> Over-splitting would increase the total word count, but reduce the
> count of unique words. The huge number of unique words that
> Emmanuel Prochasson found was probably the result of grouping
> long Kanji strings into a single so-called noun.
In fact MeCab splits long kanji strings into the component words. For example "kikanshizensokuchiryouyaku" (antiasthmatic drug) is typically split: kikanshi + zensoku + chiryou + yaku. (I say "typically", because you have to use a trained lexicon with MeCab, and there are several to choose from.)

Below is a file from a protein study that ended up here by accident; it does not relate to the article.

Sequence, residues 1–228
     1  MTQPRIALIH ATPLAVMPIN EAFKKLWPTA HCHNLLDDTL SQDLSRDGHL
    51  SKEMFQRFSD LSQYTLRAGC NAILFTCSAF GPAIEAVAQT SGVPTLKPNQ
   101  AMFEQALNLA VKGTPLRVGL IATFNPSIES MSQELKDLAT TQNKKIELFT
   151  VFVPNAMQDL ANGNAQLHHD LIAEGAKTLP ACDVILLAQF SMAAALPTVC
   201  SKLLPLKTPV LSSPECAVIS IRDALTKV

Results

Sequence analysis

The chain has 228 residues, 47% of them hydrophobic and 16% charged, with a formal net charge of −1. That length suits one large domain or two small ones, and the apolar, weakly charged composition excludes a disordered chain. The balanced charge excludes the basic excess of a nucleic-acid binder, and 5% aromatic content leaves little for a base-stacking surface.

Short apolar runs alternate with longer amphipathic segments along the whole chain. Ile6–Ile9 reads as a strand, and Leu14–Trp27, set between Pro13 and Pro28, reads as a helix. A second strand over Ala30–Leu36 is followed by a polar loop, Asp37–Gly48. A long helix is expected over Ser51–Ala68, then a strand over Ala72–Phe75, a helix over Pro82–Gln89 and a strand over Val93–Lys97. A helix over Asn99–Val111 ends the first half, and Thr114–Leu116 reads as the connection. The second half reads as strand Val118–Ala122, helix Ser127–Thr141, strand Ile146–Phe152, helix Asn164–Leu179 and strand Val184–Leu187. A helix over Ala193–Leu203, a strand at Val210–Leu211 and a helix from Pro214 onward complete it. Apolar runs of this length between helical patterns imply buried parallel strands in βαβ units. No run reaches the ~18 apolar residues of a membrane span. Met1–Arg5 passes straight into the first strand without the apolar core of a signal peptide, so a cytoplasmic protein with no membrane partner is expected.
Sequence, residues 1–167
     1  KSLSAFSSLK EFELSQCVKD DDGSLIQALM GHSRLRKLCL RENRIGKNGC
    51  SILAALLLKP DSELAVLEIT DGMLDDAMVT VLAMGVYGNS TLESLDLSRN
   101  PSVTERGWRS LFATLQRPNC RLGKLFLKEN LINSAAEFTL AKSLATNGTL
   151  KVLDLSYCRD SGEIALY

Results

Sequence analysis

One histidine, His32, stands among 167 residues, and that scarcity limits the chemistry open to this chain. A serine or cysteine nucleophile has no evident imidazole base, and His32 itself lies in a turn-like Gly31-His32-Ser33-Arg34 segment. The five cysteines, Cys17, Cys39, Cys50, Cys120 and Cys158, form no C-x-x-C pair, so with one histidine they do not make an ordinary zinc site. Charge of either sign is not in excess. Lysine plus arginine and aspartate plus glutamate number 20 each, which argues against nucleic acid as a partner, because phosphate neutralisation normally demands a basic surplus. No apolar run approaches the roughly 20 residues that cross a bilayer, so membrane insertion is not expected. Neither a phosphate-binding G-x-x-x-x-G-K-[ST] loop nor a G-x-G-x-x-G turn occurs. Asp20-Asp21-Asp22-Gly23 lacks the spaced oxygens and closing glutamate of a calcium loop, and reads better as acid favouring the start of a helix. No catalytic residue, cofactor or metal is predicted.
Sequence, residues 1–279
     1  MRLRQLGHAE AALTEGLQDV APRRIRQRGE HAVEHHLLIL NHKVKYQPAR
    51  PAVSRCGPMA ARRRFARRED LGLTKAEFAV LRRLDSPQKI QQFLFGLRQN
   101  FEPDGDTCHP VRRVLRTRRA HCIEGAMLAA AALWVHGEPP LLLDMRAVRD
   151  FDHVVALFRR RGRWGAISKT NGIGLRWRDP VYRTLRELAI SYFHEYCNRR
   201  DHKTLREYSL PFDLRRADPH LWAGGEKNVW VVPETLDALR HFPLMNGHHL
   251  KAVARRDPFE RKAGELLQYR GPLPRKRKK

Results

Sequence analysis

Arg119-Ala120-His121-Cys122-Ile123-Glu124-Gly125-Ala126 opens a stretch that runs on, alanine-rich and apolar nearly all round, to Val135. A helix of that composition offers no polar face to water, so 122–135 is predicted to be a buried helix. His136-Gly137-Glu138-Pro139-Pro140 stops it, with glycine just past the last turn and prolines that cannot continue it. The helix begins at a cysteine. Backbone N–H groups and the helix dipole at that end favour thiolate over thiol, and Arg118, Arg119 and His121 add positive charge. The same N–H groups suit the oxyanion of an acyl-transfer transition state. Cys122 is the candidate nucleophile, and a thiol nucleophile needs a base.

Perhaps Emmanuel combined sequences of noun-tagged morphemes, but even then I don't think it could have got such a high unique word count.
-- Jim Breen Adjunct Snr Research Fellow, Clayton School of IT, Monash University Treasurer: Hawthorn Rowing Club, Japanese Studies Centre Graduate student: Language Technology Group, University of Melbourne